SANDY — For some, the celebration of the Christmas season is enough, while for others it may seem only to awaken a yearning for more, for a greater, deeper relationship with God. Those who may feel that way but do not know where to turn may find that an upcoming St. Thomas More Parish Mission on Ignatian spirituality could hold at least some of the answers.
Led by Catherine and Ralph Morgan, the three-day mission will introduce participants to the Spiritual Exercises developed by the 16th-century Church theologian Ignatius of Loyola, founder of the Jesuits.
Performed over 30 weeks (with an hour of nightly prayer on an assigned Scripture and a weekly meeting with a spiritual advisor), the Spiritual Exercises are designed to allow a person to see beyond her/his own life and to more fully discern God’s will for her/him.
The Morgans, who were originally members of the Episcopal Church, sought a deeper connection to God and studied for five years with the Sisters of Benedict/Newman University. They learned first to perform the exercises and then to become spiritual directors to share the exercises with those who are seeking more in their spiritual life.
“I fell in love with God; it was an amazing experience and I wanted more,” Catherine Morgan said.
The Morgans became Benedictine Oblate Novices in 2001 and were received into the Church in 2006. Becoming members of the Catholic Church was “just a natural progression,” they said.
The Spiritual Exercises were originally designed by St. Ignatius to be performed over a period of 30 days, with participants devoting more than six hours a day to them. While in his 19th Admonition Ignatius said the exercises should be made available to the general membership of the Church, prior to Vatican II they were mostly used in the training of priests and religious.
“Even in the 1500s, life made its demands on each human being,” Sister Danna Schweitzer said in “As Long As God Wants,” a video about the development of the exercises in Oklahoma.
After the admonition of Vatican II to include the laity in many of what Sr. Schweitzer calls “minor rituals and prayer forms in the Church,” some spiritual advisors sought to make the exercises more accessible to the people. In 1981 in Oklahoma, Sister Jan Futtrell, her brother Rev. John Futtrell and Rev. David Fleming developed a 30-week form of the exercises that participants could do in their own homes at their own convenience.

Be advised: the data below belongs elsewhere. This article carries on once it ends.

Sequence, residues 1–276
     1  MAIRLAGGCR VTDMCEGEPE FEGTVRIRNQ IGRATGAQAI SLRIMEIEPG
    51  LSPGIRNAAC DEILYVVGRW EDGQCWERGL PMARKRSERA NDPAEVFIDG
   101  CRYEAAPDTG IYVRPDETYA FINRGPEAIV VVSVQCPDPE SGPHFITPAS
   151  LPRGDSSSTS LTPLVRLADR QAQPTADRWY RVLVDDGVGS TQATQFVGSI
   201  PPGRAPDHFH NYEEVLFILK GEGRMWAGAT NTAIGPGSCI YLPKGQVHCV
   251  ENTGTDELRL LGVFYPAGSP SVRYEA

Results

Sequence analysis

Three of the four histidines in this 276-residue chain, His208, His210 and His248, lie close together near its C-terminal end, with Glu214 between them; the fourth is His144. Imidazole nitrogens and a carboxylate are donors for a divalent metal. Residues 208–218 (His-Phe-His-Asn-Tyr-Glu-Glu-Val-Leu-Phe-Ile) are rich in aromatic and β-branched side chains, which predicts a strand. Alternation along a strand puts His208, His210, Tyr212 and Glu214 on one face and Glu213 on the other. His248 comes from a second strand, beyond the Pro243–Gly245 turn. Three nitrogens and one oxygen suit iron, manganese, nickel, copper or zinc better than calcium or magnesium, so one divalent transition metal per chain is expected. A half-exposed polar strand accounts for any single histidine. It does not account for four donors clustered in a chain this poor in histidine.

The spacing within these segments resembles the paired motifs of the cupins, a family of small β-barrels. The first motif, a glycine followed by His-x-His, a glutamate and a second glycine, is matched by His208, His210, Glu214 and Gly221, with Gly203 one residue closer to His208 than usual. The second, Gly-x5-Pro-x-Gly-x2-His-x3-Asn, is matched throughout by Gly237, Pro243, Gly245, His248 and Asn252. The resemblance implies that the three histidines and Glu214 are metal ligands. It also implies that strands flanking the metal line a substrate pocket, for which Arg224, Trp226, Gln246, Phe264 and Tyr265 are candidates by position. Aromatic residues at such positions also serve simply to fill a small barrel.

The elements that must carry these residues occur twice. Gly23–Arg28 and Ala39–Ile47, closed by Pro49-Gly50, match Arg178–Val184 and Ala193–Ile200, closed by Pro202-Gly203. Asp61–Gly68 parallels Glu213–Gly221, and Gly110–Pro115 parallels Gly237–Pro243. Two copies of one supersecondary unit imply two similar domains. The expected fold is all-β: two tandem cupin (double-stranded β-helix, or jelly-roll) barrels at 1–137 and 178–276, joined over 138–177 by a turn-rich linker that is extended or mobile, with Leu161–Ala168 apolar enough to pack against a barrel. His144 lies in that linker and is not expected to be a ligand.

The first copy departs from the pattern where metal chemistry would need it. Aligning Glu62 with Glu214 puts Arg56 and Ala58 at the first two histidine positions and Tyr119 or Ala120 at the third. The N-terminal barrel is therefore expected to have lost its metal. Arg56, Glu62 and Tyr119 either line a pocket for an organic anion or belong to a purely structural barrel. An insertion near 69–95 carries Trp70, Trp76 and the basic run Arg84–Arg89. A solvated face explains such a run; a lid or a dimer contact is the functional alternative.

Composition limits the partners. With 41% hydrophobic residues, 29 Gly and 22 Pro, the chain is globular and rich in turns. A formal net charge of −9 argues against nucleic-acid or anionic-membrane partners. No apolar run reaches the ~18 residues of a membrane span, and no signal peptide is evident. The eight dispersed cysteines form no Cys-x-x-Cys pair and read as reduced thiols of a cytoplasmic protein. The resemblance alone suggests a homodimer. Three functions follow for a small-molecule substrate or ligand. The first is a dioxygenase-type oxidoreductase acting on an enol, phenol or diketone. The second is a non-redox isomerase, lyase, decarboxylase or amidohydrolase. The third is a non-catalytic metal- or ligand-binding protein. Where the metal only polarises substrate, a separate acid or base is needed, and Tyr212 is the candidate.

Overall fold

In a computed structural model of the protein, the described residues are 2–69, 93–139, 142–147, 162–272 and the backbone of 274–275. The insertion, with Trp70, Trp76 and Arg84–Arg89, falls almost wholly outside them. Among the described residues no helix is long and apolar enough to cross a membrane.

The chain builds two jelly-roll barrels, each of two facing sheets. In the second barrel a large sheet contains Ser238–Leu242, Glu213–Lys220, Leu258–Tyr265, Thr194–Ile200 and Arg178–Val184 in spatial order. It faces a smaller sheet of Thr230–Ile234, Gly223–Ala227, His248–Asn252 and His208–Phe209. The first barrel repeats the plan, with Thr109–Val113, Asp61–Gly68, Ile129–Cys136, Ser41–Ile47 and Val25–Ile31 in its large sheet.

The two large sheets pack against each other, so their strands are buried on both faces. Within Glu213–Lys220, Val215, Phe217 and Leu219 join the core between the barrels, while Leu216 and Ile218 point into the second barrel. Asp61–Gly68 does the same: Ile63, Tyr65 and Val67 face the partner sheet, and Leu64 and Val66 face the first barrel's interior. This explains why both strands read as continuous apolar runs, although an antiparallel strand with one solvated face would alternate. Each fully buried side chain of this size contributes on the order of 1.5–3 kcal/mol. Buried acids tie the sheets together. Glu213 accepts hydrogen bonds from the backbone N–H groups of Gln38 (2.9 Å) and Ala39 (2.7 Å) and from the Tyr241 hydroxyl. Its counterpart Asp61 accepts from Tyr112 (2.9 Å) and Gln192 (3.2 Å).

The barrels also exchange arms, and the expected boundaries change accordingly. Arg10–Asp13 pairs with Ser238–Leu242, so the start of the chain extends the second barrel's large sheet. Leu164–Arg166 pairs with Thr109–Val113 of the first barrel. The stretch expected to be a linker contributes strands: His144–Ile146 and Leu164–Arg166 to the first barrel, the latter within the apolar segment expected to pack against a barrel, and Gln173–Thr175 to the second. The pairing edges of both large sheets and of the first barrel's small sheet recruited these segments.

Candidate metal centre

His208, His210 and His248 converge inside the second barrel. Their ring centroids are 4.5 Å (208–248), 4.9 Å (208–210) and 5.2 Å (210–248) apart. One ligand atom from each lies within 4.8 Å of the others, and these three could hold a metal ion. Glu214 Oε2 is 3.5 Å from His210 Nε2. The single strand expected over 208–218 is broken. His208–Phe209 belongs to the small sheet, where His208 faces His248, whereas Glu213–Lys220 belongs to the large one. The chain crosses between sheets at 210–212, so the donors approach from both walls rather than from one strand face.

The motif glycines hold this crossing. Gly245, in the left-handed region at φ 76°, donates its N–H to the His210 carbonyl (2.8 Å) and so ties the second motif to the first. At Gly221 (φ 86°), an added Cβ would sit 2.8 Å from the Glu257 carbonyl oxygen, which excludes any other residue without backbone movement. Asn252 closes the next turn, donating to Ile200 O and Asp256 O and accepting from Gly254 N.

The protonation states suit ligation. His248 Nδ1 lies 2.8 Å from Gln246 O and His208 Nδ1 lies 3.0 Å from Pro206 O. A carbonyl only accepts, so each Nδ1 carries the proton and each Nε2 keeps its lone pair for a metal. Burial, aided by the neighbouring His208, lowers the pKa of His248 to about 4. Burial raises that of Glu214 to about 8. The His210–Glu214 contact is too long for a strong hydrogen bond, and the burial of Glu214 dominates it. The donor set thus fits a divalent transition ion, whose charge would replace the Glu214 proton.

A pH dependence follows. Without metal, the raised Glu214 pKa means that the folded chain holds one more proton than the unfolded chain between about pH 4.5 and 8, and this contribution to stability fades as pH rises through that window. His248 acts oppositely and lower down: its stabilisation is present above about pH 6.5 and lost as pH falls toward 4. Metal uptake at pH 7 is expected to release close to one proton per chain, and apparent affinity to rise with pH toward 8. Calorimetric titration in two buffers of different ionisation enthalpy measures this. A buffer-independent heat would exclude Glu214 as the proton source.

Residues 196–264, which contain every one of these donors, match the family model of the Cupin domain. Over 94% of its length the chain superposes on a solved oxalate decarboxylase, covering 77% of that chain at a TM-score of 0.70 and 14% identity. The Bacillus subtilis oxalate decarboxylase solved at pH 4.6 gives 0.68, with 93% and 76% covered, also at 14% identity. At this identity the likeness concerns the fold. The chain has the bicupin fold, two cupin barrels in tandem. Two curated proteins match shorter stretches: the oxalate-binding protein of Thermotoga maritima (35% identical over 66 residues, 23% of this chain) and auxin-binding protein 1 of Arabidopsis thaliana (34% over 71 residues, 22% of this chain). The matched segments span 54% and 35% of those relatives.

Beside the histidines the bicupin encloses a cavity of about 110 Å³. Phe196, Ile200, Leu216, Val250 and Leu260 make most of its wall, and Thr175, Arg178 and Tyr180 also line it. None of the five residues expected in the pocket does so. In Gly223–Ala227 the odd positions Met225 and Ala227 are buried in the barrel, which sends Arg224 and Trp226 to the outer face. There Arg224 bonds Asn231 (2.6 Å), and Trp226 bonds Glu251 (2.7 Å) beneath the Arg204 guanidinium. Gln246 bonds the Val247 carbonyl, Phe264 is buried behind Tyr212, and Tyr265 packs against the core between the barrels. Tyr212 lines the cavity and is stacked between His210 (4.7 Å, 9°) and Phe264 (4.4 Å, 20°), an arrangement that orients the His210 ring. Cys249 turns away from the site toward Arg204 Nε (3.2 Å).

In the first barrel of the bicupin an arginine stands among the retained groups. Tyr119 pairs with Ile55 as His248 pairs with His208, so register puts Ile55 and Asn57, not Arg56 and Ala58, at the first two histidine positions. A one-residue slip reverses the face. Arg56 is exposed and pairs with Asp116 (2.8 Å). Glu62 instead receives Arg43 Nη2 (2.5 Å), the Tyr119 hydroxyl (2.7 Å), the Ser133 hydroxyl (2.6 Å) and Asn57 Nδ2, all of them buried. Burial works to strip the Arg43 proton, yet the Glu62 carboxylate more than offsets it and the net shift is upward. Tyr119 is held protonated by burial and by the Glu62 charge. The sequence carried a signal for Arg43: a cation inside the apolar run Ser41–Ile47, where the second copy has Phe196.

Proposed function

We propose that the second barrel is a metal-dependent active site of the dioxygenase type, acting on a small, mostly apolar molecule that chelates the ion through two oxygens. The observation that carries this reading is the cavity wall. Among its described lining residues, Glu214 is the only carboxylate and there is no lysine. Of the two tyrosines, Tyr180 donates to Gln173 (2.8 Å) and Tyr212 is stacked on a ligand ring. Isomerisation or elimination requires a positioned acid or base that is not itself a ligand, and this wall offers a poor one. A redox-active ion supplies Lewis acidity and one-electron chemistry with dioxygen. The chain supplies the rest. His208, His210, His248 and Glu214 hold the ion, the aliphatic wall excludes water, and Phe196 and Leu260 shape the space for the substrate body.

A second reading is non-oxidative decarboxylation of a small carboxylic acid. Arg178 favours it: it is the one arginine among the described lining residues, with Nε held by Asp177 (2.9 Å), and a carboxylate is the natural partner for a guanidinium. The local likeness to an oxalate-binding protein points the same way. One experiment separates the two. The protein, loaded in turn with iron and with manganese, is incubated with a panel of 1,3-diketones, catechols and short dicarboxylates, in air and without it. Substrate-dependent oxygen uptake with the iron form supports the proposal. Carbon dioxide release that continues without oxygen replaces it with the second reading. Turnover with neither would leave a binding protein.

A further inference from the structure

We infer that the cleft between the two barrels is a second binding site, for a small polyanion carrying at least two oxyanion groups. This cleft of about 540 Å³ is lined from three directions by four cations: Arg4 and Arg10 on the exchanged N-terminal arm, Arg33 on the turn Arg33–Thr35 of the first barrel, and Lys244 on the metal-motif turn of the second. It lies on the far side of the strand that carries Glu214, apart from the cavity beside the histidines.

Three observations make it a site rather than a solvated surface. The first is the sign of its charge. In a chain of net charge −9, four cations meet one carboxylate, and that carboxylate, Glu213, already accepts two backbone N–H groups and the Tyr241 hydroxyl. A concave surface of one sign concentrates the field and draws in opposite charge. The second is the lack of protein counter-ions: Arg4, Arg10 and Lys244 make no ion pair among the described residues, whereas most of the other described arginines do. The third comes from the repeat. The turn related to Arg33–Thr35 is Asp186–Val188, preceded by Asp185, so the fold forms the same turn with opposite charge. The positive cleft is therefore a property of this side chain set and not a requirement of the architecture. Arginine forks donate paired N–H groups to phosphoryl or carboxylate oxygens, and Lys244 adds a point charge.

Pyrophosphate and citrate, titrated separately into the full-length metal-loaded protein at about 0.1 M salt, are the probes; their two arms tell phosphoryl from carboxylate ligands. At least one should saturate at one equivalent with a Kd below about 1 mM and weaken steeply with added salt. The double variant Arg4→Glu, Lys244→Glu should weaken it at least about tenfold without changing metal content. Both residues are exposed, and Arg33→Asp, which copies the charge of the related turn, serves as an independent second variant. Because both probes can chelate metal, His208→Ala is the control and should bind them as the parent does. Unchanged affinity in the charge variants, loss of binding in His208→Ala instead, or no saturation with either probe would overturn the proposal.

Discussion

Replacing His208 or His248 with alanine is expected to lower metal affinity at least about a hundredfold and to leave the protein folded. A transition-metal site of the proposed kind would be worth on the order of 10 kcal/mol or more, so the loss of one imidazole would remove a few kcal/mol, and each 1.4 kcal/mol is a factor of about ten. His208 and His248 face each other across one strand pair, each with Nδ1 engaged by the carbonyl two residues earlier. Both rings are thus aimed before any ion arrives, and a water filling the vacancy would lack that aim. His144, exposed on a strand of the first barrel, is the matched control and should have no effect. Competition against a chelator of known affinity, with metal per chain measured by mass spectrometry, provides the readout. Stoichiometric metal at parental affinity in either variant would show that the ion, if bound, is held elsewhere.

The Morgans, who moved from Oklahoma two years ago, are bringing those exercises to the people in Utah, where they have found that people have a lot of interest.
“There’s a hunger for people here to get closer to God,” Catherine Morgan said.
During the three-evening mission at St. Thomas More Parish, those who attend will be introduced to Ignatian spirituality, the Ignatian worldview and hearing God’s voice using Ignatian spirituality and pondering. At the mission’s conclusion, they will have learned about the lecto divinio prayer form, contemplation and meditation. There will be no pressure to participate, and the mission is open to all denominations, Catherine Morgan said.
“It’s nice to be someplace where you can get into the silence,” Nancy Vargas, a retreat coordinator said of the three-day introduction in “As Long As God Wants.” “Even though three days isn’t very long, it gets you out of the stream of things; it’s a nice concentrated bit of quiet.”
Over the last couple of years that the Morgans have been offering it, close to 20 local Catholics have completed the retreat.
“We’ve seen some marvelous things happen with people who come,” Ralph Morgan said. “There’s so much satisfaction watching the movement of people; watching the surrender to the movement of God in your life and learning how to respond to the call of God.”
WHAT: Parish mission on Ignatian spirituality
WHEN: Tuesday-Thursday, Jan. 29-31, 6:30-8:30 p.m.; Registration: 6-6:30 p.m.
WHERE: St. Thomas More Parish, 3015 E. Creek Road, Sandy
Presented by Catherine Morgan, Ph.D., certified Ignatian spiritual director, and Ralph Morgan, M.A., Ignatian spiritual companion. Register by Jan. 18; call Nora, 801-942-5285, ext. 100.
Free and open to the public.